Radiant heating systems are a significant time investment. Floor and retrofit applications can be invasive, requiring 16+ labor hours.
We recommend leaving installation to an experienced professional. Tearing down drywall and ripping up flooring are major structural changes to the home.
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How is electric floor heating installed?
Many professionals attach the electric cables to a set of plastic mats. Single-room installations can be completed within hours, but the new flooring may take a few days to dry.
Your HVAC professional will follow these general steps:
- Remove the current flooring if it’s a retrofit.
- Add a thin layer of mortar to the subflooring.
- Install batts of fiberglass insulation above the mortar.
- Staple or glue down the cables or plastic mats.
- Connect the mats or cables to your home’s electrical wiring.
- Top the cables with a leveling compound and flooring (usually ceramic tile).
How is hydronic floor heating installed?
Hydronic heating requires a plumber to connect the water tubes to the heat source. The installer needs access to the ceiling underneath each radiant-heated floor. In unfinished homes, this is an easy process. If you’re retrofitting, the installer may need to tear down drywall.
The plumber and installer follow this general process:
- Sketch the layout of the tubing underneath the floor. (This is why they need access to the ceiling.)
- Drill holes in the floor joists to make room for the tubes.
- Insert the tubes and staple them to the underside of the floor.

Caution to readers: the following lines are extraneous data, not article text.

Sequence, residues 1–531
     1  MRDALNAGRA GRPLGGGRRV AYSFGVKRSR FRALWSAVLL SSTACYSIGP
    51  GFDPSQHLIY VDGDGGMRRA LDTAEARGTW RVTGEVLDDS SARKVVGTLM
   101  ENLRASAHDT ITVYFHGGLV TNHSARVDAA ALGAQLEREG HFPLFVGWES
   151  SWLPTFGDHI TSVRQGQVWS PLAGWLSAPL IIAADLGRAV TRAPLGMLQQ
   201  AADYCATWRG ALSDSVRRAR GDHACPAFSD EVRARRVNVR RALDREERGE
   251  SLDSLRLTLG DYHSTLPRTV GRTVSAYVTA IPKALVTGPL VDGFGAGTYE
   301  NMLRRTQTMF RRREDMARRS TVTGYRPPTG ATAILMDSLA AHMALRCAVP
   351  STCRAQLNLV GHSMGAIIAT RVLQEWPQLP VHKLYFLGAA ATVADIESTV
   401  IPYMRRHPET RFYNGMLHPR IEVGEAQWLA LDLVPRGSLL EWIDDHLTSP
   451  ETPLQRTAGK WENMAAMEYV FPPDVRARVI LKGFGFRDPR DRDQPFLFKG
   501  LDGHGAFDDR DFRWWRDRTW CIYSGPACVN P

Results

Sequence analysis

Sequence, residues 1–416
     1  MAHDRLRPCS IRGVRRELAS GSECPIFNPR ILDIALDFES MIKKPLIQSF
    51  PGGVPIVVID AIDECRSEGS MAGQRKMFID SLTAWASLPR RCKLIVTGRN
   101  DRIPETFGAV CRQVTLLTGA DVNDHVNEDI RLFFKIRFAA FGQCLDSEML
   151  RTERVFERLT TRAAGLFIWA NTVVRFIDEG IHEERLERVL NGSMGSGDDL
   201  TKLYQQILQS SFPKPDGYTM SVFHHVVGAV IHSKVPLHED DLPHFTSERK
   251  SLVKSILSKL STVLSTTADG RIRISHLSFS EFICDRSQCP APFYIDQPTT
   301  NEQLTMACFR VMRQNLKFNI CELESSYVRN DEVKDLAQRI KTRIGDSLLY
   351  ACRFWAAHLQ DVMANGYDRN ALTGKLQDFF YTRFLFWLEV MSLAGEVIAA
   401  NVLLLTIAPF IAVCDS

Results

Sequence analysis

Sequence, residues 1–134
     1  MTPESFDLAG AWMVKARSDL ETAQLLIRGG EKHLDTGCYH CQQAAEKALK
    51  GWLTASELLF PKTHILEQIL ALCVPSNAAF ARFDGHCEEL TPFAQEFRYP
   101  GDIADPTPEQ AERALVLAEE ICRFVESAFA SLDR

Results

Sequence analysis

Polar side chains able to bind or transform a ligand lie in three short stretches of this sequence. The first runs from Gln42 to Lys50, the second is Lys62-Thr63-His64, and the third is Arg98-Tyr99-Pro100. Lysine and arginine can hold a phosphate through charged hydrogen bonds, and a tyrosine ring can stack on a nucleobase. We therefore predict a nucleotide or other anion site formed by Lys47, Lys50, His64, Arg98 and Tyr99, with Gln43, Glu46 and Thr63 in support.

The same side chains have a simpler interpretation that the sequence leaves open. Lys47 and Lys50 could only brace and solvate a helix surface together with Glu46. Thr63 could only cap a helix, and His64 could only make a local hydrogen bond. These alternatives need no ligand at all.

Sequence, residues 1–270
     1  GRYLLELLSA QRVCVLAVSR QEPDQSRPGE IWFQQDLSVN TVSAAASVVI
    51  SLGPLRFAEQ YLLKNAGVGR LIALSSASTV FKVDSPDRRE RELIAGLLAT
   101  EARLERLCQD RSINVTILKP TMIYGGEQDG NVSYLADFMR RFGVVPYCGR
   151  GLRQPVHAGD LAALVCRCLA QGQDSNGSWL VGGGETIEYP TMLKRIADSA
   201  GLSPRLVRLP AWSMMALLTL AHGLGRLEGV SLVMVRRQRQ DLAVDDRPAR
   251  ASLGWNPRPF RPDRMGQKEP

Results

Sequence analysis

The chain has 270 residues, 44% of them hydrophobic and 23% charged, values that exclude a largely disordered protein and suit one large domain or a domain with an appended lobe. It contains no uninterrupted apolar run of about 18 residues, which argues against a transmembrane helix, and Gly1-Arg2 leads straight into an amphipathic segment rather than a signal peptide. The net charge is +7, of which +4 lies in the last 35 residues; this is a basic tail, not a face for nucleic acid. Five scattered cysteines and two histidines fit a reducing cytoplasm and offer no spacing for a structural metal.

- Add batts of insulation above the tubes.
- Connect the tubes to the water heater or boiler.
- Level the floor and install flooring above the tubes.
Usually, it takes 8-16 hours to lay down 1,000 square feet of tubing. New home installation is at the lower end of that range, and retrofits can take longer.
How are radiant heating panels installed?
Radiant heating panels are easier to install than floor heating. The professional follows these four steps:
- Tear down the drywall or sheetrock.
- Insert the panel.
- Insulate either or both sides of the wall or ceiling.
- Re-install the drywall or sheetrock.
Installation usually takes 1-3 hours per room. Panels take longer to install in ceilings than in walls.
Before nailing art or mirrors to a finished wall, confirm the location of the panels with your HVAC professional. Panels are usually installed in the lower 4 feet of the wall, but it may vary.
Cost of radiant heating
Time isn’t the only investment when installing radiant heating. High labor fees can make radiant heating systems expensive up-front. However, the energy savings may make it worthwhile.
The cost data below, courtesy of HomeAdvisor, reflects national averages.
The cost of radiant floor heating
Hydronic floor heating costs $13 per square foot, on average. Water is a strong conductor of heat, so hydronic heating has lower operating costs than electric floor heating.
The water source adds to the total cost of hydronic heating. A water heater unit costs $300-$2,000, with installation ranging $770-1,450. A standard boiler unit starts around $3,000, and installation averages $3,500-7,700.
Electric heating averages $11 per square foot. The average daily energy cost of operating 100 square feet ranges $1-5. Hydronic heating is less expensive than electricity.
Here’s a look at the average cost to install flooring on top of your heating system:
|Cost per square foot
|Kitchens, living rooms
The cost of radiant heating panels
Radiant heating panels are more affordable than wires or tubes at $50-60 per square foot. Panels usually measure 2’ x 2’ or 2’ x 6’.
Most rooms need one to two wall or ceiling panels. The total cost, including labor and materials, ranges $300-1,400 per room.